Aug 28 2008

Bureacracy Day #1

by at 10:37 pm

Today we headed back to Renens, VD, which is a 10 min bus ride from the center of Lausanne, in an attempt to sign a lease for an apartment we have been attempting to get since early July and take care of some other bureacracy.  We packed our letters saying we have a job and a scholarship and an admission to University of Geneva, as well as all the traveler’s checks we had.  We also brought tupperwares of food for Seth, since he can’t seem to find anything vegetarian and lactose free on the road, and of course, a couple ipods full of podcasts for the train.

The good news: we do have an apartment, and we can move in as early as tomorrow night.  I even have one set of the keys.  The apartment itself is really pretty and light inside, and the really nice previous tenants are selling us their almost-new Ikea furniture.  The so-so news: We aren’t thrilled with the neighborhood–it’s kind of urban and residential, but without the benefits of either (not a lot of people our age, not a lot of shops/restaurants, not a lot of trees, not super quiet, not very picturesque).  Also, we haven’t yet signed the lease because for some reason the realtor didn’t bring it.  She also didn’t bring the form for the security deposit.  We spent quite a while with the realtor discussing things, and hardly got anywhere.  It doesn’t help that she thinks that the reason we can’t understand each other is because we aren’t fluent in French rather than that we are talking past one another. But, the previous tenants, as I said, are super super nice and gave us all sorts of advice, helped translate, showed us everything, and even called for us to change the name on the internet, tv, phone, and electric accounts.  If you want our new address, send us an email.

After we dealt with that we went to try to get our residence permit because, as we’re quickly realizing, we can’t do ANYTHING without a residence permit.  We hadn’t thought to bring along any of the 36 ID photos we’d carefully had printed in the US, so we trekked to the Renens shopping center to get more, got terrible and expensive ones, and then went to city hall.  At city hall, we were informed that we couldn’t get a residence permit without our proof of a security deposit on the apartment.  Argh!  So we decided to try to find out about bank accounts, wondering how we were going to pay the security deposit if we couldn’t open an account without a residence permit.  We were praying it was the one thing for which we didn’t need a residence permit.  Fortunately, that was the case; they let us open accounts, hooray!  We decided on Credit Suisse without much research because we desperately need an account to pay the deposit and first month’s rent, and we need to leave a couple of days for money to be wired to us from our wonderful parents in the US.  Next week we’ll have debit cards and be able to access our accounts online, if the internet in our apartment actually continues to work.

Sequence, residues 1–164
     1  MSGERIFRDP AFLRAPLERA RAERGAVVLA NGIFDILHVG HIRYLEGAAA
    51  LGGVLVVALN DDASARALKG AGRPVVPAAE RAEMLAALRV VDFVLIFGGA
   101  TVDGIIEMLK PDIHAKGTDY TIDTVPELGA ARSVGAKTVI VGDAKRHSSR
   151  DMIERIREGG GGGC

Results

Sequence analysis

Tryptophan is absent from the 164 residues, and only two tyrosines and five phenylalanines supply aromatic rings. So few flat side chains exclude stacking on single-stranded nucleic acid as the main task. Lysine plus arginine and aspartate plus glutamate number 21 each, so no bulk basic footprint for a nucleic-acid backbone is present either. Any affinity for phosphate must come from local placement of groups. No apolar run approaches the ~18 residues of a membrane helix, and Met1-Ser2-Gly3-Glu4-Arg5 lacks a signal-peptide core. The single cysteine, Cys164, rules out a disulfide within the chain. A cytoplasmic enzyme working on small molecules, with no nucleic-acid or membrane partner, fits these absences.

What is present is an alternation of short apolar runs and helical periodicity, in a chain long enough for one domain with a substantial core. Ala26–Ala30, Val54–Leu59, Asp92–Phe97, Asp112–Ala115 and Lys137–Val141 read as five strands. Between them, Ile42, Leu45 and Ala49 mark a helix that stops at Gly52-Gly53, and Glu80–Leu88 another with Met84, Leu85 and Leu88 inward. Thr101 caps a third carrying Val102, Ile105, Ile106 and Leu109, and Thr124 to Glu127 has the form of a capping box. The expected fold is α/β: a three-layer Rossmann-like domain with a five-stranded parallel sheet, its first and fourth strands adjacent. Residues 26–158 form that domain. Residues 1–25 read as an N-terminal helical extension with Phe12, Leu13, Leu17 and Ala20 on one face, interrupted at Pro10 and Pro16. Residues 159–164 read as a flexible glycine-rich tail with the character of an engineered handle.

We are hoping to move in partially on Saturday after we do some shopping, and then Mary is going to help us get the rest of our stuff from the chalet to the apartment midweek.

Other items of note today:

  • On our way out of the chalet, there was construction on the road, and we had to climb over a pile of dirt in our nice clothes/new shoes.
  • Speaking of shoes, I have new black shoes!  For those of you who heard my black shoe saga: they were pretty comfortable with thin socks and did not fall off my feet.  And I did A LOT of breaking them in today.
  • Underpasses are really common in Switzerland, it seems. And the one that goes under the railway tracks in Renens has a separate super narrow staircase with smooth ramps on each side so that parents can push strollers up or down it. Doesn’t do much for wheelchairs or people with other disabilities that make lots of stairs difficult to handle, though.
  • On our way back to the chalet, there was a really cute white dog (I think it was a bichon) who played fetch with a pinecone and me for about 5 minutes, until I had to walk away mid-game because I was worried if I stayed much longer, she’d think I was her new owner and follow me back to our chalet rather than staying in front of hers.

It was a stressful day.

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One response so far

One Response to “Bureacracy Day #1”

  1. Sethon 28 Aug 2008 at 11:45 pm

    I just want to highlight the fact that we got the keys to our apartment, but didn’t sign any legal documents or pay any money yet. Anyone know anything about adverse possession (i.e. squatters’ rights) in Switzerland?

    Also, opening Swiss bank accounts is surprisingly easy.

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